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MTV’s Adaptation Of Skins Is Terrible

Last night was the premiere of MTV’s American update of the popular and controversial British telly show, Skins. Now, before we go any further let me tell you that I have never watched the original Skins, although I have a friend named Jed who swears by it, and at some point tried to argue that it was better than Friday Night Lights, so you can start to see just how powerful our friendship is because somehow we have made it through that nightmare. I have no opinion about the original Skins whatsoever, although apparently last night’s episode was basically a word-for-word remake of the original premiere episode, just with all the references to “lorries” and “birds” switched out to “drugs” and “drugs.” (Seriously, how many times did someone on last night’s episode say the word “drugs”? 1,00000000000 times?)

I do, however, have an opinion of the MTV version of Skins, and that opinion is that this show is awful.

It opens with a disgusting little boy taking a break from ogling the middle-aged woman next door to run cover for his Gossip Girl reject sister who is stumbling home with torn clothing and a face smeared in eye makeup, you know, classic Tuesday morning teenager stuff. Then he goes into the bathroom and locks the door and his dad is out in the hallway pounding on the door screaming “I WANT TO TAKE A DUMP!” Who can’t remember the awkwardness of being a teenager whose dad screamed “I WANT TO TAKE A DUMP!” so many times first thing in the morning. Then the disgusting kid–he really is so gross, and I know that’s kind of the point of his character, but yuck–starts making a bunch of phone calls on his way to school because it is his mission to get his friend laid before his 17th birthday. The rest of the episode is filled with their madcap adventures in drug dealing, underage drinking, louche winking, fist-fighting, peeing, and driving SUVs into the river. What a magical night!

The only real problems with the show are that the acting is bad, the shock-value is boring, and not a single moment seems even remotely true to actual life. Admittedly, it is hard for me as a 54-year-old man to know what is true to life to today’s teenagers, but somehow I feel like very few of them wander into a suburban subdivision looking to buy drugs and end up at a high-end whorehouse filled with impossibly beautiful whores. I even find it hard to believe any of them actually MAKE CALLS on their phones. Don’t teenagers communicate exclusively in SEXTs now? I’m sure they still go to parties and do drugs, as they always have, but the part at the end of the episode when the one girl is peeing in the bushes (if you’d like to know more about her character, she loves snacks. Interesting!) and another one accidentally elbows the SUV into gear and it rolls down the hill into the water is just some Benny Hill shit. Oh sure, teenagers are constantly wrecking vehicles, but come on. At the very least, let one and/or all of them DIE. The slimy asshole bobs up to the surface and looks around and says “Well, that could have gone worse.” LOLOLOL! Teens are so carefree!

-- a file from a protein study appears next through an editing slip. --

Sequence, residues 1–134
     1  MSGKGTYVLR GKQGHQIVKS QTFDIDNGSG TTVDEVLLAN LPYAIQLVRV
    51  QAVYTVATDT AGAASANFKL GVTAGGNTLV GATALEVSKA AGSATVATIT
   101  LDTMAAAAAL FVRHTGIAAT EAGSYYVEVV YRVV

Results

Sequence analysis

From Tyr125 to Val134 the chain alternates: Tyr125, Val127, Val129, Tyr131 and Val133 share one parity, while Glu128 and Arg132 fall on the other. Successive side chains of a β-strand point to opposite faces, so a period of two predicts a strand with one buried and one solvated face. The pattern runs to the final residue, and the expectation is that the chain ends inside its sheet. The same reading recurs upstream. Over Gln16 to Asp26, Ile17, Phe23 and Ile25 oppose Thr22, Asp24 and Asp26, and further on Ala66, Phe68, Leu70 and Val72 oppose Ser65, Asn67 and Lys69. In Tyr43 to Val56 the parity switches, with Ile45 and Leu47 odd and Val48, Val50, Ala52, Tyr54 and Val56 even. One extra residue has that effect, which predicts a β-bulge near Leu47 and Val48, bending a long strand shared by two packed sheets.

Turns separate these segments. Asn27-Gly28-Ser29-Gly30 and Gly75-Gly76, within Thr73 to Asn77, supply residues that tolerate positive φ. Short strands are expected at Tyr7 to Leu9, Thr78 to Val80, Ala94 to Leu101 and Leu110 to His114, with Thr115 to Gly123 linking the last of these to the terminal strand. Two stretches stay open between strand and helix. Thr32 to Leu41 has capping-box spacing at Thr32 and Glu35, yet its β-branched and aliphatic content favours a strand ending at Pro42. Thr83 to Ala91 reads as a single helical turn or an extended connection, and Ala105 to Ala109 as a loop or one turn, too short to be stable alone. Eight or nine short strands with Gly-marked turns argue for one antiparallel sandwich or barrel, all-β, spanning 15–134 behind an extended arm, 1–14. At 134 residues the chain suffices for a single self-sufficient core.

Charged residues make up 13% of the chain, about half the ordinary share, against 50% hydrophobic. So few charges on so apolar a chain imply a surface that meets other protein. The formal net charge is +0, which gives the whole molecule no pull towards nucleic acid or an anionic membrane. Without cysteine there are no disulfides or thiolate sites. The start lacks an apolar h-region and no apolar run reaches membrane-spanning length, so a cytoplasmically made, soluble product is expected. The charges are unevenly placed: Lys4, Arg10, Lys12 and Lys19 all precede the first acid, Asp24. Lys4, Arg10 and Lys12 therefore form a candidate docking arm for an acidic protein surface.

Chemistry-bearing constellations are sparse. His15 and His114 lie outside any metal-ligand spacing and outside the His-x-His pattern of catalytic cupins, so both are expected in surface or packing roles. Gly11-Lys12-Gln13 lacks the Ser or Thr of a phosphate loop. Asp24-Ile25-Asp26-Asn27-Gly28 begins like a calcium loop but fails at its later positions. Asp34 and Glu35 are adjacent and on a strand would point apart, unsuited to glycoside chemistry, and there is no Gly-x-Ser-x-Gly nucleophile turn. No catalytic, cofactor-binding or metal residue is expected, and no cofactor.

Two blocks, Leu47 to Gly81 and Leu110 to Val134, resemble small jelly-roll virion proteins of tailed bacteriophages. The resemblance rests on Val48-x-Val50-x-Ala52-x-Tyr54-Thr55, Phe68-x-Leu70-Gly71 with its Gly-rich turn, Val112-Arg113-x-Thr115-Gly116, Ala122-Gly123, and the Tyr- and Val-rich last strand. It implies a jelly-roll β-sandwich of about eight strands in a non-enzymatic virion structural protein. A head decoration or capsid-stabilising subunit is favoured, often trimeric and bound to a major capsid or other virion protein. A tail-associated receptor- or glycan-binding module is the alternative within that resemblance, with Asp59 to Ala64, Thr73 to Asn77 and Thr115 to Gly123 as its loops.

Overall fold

It is that casual and assumed disregard for the basic concept of consequences that is the show’s real error. The thing that is interesting about teenagers (just kidding, there is nothing interesting about teenagers, but stay with me for a moment) is the way in which their lives are balanced precariously between their arrogant, delusional belief in their own immortality and their desperate fear of EVERYTHING. (Have you ever noticed how all teenagers believe that they are invincible but also that they’re going to die before the age of 25?) They’re total assholes most of the time, but they are also tiny little babies. Obviously, the show is going to have teenagers freaking out in future episodes. Someone will certainly get pregnant or something. Actually, that’s probably not “shocking” enough. Someone will get an abortion performed through their butt DURING AP calculus. Better. But the real life of the teenager is not either/or, it’s constant, like alternating current. So I call shenanigans on a gang of kids on their way to the hospital to save someone from a drug overdose plunging a $60,000 car full of drugs into the river and coming up all giggles.

The most obvious precedent for Skins is not Gossip Girl, which is a high camp soap opera, but My So Called Life, which launched the careers of A.J. Langer and Devon Gummersall. I don’t have an nostalgia for that show personally, but many people do. I’m confident that if you went back and rewatched it you would learn that it was neither as good nor as realistic as you might have thought. But here is the one way in which the old, John Hughes style teenage wasteland seems preferable to the new: it didn’t act so impressed with itself for knowing that kids like to fuck and take drugs. THAT SHIT HAS BEEN GOING ON SINCE THE INVENTION OF KIDS. In order to make an emotional connection with a TV show you have to have something more. Teenagers have volatile, if not deep, emotional lives, that is, like, their whole thing. The fucking and fighting and smoking is just an outcropping of that. And a boring outcropping, too.

I guess in the end Skins just made me feel old. But not in a bad way. I’m really glad that I’m no longer in an age group that MTV tries to appeal to. I forgot how annoying they are about it! Teenagers of America, I urge you, don’t watch Skins. Watch Bob’s Burgers instead. It’s great! Or READ A BOOK. Whatever you do, leave me out of it.